Warm, dry conditions have helped to push the number of wildfires in Maine to three times the number that had been seen at this time last year.

As of Wednesday, the Maine Forest Service had investigated 229 fires, which had burned a total of 270 acres. At this time last year, 76 fires had burned 45 acres.

“Certainly it’s more than last spring. We had a lot more rain last spring,” said Kent Nelson, a fire prevention specialist for the Maine Forest Service, which investigates all outdoor fires in the state.

Nelson attributes the difference to the lack of snowpack in late winter this year, the high temperatures in March and a small amount of rainfall this month. He said the forest service handles an average of about 500 fires a year.

Most fires are caused by people with good intentions, who might get careless while burning brush or cause a spark while using a machine like a brush cutter, Nelson said.

Wednesday was a Class 4 day — the second-highest level of fire danger — for the entire state. Burning permits are not issued when the fire danger is Class 3 or above. The current fire danger coincides with Wildfire Awareness Week.

State forest rangers in Maine’s southern region are busy, particularly because there are six of them rather than the usual seven. Statewide, five forest ranger positions are vacant.

One ranger in the southern district, who is covering the Portland and Cornish areas, handled a fire in Waterboro on Wednesday morning before going to Gorham, South Portland and Sanford, said Sgt. Gregg Hesslein.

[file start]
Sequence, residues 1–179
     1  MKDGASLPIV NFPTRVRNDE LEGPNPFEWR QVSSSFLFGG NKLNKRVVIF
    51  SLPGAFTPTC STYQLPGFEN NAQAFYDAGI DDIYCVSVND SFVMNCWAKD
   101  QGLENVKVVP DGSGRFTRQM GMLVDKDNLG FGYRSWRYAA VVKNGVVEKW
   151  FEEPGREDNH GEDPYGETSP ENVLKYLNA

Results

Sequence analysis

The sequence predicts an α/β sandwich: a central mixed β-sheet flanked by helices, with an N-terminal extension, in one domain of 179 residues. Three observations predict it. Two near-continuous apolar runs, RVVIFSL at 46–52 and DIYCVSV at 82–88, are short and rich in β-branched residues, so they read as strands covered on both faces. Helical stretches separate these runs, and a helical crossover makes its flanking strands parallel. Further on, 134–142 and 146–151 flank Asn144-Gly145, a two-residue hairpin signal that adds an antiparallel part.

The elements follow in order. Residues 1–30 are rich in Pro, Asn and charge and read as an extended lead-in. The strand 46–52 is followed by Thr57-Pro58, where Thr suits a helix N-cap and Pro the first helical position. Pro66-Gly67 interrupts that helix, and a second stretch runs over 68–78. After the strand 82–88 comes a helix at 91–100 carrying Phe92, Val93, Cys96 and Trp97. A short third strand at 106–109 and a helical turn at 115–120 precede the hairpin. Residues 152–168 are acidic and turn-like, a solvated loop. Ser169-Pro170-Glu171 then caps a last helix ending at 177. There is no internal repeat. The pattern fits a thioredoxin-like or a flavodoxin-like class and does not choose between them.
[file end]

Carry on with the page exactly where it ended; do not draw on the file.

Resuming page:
“He’s not done yet,” Hesslein said late Wednesday afternoon. “That’s kind of how it is when we’re busy.”

Gorham Deputy Fire Chief Kenneth Fickett said the current conditions are what he would normally expect in August or early September.

“The big thing is the wind and the dry ground. There’s no water in the ground at all. Everything just dries up and it’s waiting for a fire, basically,” he said.

Portland has had only 61.4 inches of snow in the year that started July 1. That’s 17.5 inches below normal, according to the National Weather Service.

In March, the city got 2 inches of rain, which was 2.19 inches less than the typical amount. So far this month, there has been only 0.16 inches of rain, below the normal level of 2.5 inches.

“So, we’ve been dry for a couple of months now,” said meteorologist Margaret Curtis. “At this point, this is just considered a short-term drought. You hear them talking about drought in Texas. We’re not nearly at their level.”

The fires come at a time when recruitment and retention can pose challenges for fire departments that rely on call and volunteer firefighters.

Training requirements can be a hurdle because they are the same for career, volunteer and call firefighters, said Stephen Nichols, president of the Maine Fire Chiefs Association.

Nichols, who is Kennebunk’s fire chief, said a good number of call firefighters — perhaps 30 to 35 — typically come out when there’s a reported woods or structure fire in town. But it can be difficult for people to get out of their jobs to respond to smaller issues like alarms or trash can fires.

“We still depend a lot on our call staff,” Nichols said. “Some days we get some, some days we don’t. If we don’t, we start calling mutual aid.”

Lebanon Fire Chief Skip Wood said about 10 communities sent a total of 80 firefighters to a fire in the woods in town on Tuesday night. About three acres burned.

Mutual aid was important to the all-volunteer department, in part because of the need to relieve firefighters.

“You don’t have nearly enough people to do everything,” Wood said.

Staff Writer Ann S. Kim can be contacted at 791-6383 or at:

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